Fourteen studies of gastric acid secretion in a basal hour and in the two hours after a single intravenous injection of soluble insulin (0·01 to 0·40 units/kg) were performed in a healthy man. The peak acid output after insulin (measured as the two consecutive 15-minute samples giving the highest acid output) was significantly correlated with the lowest concentration of blood glucose, the fall in blood glucose, the rate of fall of blood glucose, and the maximum fall of blood glucose in any 15 minutes. Peak acid outputs after insulin were similar over the range 0·1 to 0·2 units/kg, and greater than at lower or higher doses.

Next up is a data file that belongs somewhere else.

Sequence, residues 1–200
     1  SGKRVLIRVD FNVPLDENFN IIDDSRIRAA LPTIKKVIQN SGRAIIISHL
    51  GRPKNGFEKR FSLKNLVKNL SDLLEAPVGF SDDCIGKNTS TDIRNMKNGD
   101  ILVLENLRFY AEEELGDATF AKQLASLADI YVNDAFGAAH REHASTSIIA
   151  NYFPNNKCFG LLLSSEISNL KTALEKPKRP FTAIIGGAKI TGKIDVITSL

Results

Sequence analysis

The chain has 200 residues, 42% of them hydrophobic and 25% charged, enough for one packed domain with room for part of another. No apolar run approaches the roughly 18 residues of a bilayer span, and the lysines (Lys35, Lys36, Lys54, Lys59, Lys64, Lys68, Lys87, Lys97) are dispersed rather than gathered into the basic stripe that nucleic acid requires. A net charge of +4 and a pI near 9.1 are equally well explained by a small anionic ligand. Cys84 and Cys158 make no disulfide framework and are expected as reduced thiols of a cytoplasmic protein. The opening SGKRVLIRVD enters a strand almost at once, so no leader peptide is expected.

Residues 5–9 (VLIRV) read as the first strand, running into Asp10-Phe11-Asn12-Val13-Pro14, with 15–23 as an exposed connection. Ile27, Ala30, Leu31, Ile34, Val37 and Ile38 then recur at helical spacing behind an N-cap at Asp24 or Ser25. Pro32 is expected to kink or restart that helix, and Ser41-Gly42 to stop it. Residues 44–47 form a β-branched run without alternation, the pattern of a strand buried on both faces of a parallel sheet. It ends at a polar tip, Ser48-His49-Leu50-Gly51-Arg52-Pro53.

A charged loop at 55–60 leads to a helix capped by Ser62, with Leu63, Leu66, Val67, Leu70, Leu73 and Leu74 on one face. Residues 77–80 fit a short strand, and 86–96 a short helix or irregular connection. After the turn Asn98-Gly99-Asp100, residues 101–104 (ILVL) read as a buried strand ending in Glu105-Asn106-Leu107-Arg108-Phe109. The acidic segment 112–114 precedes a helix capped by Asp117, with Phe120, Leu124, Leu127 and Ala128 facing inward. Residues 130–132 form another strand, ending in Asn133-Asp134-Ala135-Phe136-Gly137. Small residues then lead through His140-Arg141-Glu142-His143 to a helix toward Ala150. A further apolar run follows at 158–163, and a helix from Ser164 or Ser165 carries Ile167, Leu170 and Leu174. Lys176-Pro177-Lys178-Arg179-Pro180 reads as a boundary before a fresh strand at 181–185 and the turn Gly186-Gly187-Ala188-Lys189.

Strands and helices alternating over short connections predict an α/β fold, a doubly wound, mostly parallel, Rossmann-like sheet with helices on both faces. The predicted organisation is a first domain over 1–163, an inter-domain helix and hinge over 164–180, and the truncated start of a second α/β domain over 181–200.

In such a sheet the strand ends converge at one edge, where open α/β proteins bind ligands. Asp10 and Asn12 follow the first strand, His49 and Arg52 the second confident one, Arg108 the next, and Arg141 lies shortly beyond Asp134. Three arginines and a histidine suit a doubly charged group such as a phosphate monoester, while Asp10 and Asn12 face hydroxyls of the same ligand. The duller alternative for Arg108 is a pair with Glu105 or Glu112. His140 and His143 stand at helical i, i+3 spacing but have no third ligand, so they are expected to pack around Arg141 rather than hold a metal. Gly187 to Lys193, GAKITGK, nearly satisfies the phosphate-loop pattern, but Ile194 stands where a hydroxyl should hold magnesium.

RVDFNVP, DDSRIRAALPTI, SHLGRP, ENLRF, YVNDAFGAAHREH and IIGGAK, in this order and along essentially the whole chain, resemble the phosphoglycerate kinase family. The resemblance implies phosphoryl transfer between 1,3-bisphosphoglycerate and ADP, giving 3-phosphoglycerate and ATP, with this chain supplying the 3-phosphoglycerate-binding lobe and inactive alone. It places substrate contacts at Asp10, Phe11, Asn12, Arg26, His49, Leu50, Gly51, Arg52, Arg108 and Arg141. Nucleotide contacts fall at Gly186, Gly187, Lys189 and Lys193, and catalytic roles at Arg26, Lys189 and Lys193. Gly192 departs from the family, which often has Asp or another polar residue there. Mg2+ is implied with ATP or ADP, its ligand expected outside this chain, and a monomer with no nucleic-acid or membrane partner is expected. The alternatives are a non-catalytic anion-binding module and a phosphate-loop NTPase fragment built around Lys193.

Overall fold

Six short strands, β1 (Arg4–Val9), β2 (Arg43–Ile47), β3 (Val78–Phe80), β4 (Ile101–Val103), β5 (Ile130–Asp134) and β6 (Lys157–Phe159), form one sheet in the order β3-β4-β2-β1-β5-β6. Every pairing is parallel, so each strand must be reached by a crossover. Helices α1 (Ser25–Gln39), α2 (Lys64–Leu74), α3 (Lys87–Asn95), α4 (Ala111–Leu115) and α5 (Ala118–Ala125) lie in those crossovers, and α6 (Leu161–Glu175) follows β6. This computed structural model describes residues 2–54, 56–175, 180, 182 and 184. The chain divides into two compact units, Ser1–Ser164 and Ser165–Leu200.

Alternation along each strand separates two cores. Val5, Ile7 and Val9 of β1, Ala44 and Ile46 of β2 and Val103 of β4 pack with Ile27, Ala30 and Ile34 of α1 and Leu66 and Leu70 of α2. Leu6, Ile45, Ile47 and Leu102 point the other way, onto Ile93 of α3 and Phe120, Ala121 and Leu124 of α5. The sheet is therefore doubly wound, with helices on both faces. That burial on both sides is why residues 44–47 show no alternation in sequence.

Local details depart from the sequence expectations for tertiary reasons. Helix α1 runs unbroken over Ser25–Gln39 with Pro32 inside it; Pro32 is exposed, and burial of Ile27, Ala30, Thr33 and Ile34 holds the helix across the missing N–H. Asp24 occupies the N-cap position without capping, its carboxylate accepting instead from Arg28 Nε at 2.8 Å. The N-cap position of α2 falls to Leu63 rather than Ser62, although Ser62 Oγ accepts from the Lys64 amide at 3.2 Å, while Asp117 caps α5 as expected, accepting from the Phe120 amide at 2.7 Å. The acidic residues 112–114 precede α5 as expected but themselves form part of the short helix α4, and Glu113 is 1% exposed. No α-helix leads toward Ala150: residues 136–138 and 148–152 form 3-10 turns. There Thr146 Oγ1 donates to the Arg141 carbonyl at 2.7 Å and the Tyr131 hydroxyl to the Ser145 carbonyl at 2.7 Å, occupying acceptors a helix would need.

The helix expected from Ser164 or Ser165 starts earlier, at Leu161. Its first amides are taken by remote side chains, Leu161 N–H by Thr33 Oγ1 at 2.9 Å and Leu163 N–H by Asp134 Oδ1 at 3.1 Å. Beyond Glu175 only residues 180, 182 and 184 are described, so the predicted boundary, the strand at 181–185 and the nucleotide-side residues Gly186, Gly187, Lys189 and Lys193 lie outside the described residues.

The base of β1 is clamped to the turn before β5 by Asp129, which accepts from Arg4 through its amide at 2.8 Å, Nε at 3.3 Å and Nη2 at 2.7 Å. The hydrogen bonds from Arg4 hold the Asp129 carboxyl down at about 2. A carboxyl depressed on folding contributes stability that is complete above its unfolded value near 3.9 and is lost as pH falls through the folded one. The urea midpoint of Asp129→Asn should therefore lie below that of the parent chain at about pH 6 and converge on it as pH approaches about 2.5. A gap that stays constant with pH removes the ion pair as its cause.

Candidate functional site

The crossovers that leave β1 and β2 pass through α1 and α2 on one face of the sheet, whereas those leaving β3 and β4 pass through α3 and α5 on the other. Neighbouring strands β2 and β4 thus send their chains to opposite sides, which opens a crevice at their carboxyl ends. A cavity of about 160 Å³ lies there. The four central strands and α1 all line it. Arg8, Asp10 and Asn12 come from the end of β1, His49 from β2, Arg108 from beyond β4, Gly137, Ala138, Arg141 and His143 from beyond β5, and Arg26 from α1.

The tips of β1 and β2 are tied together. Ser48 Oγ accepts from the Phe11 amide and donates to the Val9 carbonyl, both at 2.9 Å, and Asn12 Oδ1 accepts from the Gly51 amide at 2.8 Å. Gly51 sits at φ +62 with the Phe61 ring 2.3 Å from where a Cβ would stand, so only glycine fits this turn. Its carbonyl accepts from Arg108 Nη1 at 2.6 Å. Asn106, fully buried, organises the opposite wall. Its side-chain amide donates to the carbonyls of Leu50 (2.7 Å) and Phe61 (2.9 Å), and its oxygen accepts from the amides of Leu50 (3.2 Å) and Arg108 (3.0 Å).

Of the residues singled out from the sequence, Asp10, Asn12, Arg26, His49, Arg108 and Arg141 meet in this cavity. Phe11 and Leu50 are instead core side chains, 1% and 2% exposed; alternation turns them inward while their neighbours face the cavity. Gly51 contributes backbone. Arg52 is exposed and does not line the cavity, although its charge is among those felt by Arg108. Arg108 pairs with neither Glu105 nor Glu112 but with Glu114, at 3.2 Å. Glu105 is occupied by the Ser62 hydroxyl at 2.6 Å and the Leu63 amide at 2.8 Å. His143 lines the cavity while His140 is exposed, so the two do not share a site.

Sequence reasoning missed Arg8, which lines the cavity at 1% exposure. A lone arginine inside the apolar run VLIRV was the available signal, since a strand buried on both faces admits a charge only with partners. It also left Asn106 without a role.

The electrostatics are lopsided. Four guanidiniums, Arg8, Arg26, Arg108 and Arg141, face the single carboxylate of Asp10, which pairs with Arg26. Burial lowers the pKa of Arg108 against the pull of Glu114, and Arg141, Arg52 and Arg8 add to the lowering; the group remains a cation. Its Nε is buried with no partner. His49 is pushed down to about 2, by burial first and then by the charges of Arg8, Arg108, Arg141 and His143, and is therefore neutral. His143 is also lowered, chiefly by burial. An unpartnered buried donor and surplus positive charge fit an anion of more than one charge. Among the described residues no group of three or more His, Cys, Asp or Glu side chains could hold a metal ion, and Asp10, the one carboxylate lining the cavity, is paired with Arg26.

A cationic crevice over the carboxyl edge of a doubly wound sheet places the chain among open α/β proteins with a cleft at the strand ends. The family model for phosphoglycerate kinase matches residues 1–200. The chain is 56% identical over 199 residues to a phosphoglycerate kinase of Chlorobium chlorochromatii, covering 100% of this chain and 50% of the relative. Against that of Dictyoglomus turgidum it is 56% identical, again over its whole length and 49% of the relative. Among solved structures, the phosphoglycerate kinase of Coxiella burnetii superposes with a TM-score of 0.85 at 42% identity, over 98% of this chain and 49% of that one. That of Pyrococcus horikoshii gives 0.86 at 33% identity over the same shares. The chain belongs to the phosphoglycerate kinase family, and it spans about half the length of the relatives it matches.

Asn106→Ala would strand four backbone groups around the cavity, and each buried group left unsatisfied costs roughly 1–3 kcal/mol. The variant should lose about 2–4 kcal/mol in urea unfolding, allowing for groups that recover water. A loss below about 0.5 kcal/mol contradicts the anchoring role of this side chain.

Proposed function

These results are contrary to the accepted assumption that insulin-stimulated acid secretion is an `all-or-none' phenomenon. They support instead the hypothesis that insulin hypoglycaemia provides a quantitative glycopenic stimulus producing quantitative vagal acid response. Extreme hypoglycaemia, below about 15 mg/100 ml of blood glucose, inhibits insulin-stimulated acid secretion.
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